[Note 7] In the interim, Paull brought an action to try title that was dismissed by the Land Court. That action is irrelevant for purposes of this appeal.

[Note 8] As recognized by the Land Court judge, a decree of land registration is fundamentally different from a declaratory judgment implicating land ownership. If Paull had successfully registered title to the disputed parcel, the law would treat her claim of ownership as superior to a claim made by any other person. See G. L. c. 185, § 45 (establishing that a registration decree "shall be conclusive upon and against all persons"); Deacy v. Berberian, 344 Mass. 321 , 328 (1962), quoting from Malaguti v. Rosen, 262 Mass. 555 , 567-568 (1928) (observing that registration is generally "conclusive upon every one"). Conversely, Paull's success in this declaratory judgment action means only that the law treats her claim of ownership as superior to Kelly's. See G. L. c. 231A, § 8, inserted by St. 1945, c. 582, § 1 ("When declaratory relief is sought . . . no declaration shall prejudice the rights of persons not parties to the proceeding").

[Note 9] Although a "deed research plan," which included an abstract of the Perez Hall deed, was before the Land Court in the registration proceeding, there is no indication that the Perez Hall deed and the abutter calls therein were part of the evidence considered by the judge, who concluded that there was insufficient evidence for registration.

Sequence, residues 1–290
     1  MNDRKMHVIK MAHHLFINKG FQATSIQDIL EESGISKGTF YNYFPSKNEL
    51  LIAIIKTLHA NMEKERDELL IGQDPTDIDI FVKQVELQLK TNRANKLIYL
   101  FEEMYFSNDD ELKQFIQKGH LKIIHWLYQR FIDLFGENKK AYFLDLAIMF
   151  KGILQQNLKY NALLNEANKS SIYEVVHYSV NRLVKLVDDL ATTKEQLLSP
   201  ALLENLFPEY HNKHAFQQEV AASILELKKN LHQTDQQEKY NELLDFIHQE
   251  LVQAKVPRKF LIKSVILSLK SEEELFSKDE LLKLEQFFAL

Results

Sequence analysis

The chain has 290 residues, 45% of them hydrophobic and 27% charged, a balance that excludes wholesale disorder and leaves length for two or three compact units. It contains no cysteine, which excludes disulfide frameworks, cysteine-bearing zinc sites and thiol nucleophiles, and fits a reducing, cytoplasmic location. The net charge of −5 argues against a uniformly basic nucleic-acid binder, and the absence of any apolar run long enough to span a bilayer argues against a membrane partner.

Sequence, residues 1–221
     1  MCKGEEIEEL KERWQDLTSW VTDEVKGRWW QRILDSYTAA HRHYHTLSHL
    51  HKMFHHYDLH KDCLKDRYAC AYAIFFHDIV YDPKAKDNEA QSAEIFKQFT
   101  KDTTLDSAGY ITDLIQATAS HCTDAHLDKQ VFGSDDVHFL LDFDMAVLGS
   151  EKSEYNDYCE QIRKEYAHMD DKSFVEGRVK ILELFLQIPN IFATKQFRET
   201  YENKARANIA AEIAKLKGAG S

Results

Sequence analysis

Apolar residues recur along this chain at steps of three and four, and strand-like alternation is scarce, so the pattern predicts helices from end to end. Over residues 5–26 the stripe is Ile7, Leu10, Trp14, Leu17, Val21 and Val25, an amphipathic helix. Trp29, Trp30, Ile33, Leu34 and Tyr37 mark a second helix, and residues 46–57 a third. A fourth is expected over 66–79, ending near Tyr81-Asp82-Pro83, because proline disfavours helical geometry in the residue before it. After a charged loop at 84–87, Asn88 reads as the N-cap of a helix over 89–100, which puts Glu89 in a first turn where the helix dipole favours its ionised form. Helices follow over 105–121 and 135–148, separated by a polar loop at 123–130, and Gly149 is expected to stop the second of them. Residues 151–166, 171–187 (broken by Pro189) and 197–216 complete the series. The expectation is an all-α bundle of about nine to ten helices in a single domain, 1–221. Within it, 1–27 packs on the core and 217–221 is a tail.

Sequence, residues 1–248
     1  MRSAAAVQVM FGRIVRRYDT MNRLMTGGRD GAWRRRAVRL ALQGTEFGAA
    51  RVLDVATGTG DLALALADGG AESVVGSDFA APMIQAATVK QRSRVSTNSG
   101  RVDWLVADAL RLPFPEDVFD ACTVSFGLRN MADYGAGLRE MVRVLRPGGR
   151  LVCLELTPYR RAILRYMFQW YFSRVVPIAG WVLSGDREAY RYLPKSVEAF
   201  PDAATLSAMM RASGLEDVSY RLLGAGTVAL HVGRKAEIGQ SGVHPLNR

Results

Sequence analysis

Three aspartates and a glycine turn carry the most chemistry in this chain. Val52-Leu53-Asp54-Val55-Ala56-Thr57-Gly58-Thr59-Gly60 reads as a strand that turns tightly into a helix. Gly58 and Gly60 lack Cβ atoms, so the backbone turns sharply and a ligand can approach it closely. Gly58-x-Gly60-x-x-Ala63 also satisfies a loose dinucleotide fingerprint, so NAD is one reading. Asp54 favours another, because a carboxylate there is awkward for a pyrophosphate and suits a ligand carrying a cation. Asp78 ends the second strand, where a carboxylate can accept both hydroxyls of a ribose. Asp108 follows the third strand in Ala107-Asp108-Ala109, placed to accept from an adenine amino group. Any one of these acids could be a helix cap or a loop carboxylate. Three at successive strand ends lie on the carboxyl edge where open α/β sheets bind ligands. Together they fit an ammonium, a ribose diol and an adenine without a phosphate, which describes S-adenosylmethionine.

[Note 10] This included testimony from experts in geology, archeological geology, and geoarcheology as to the use of paths, ways, roads, stone walls, fences, and stone markers to mark property boundaries. Although many of these were present along and in the area of the disputed boundary, the testimony was inconclusive as to the boundary.

[Note 11] Indeed, the judge's later determination that the registration proceeding had no preclusive effect on this declaratory judgment action, serves, at least, as indication that the judge had not intended to dismiss the registration complaint with prejudice.

[Note 12] The judge made precisely this point in his order denying summary judgment when he held that the registration did not have preclusive effect because "[q]uite clearly such finding did not determine the boundary at all, certainly not in favor of any party."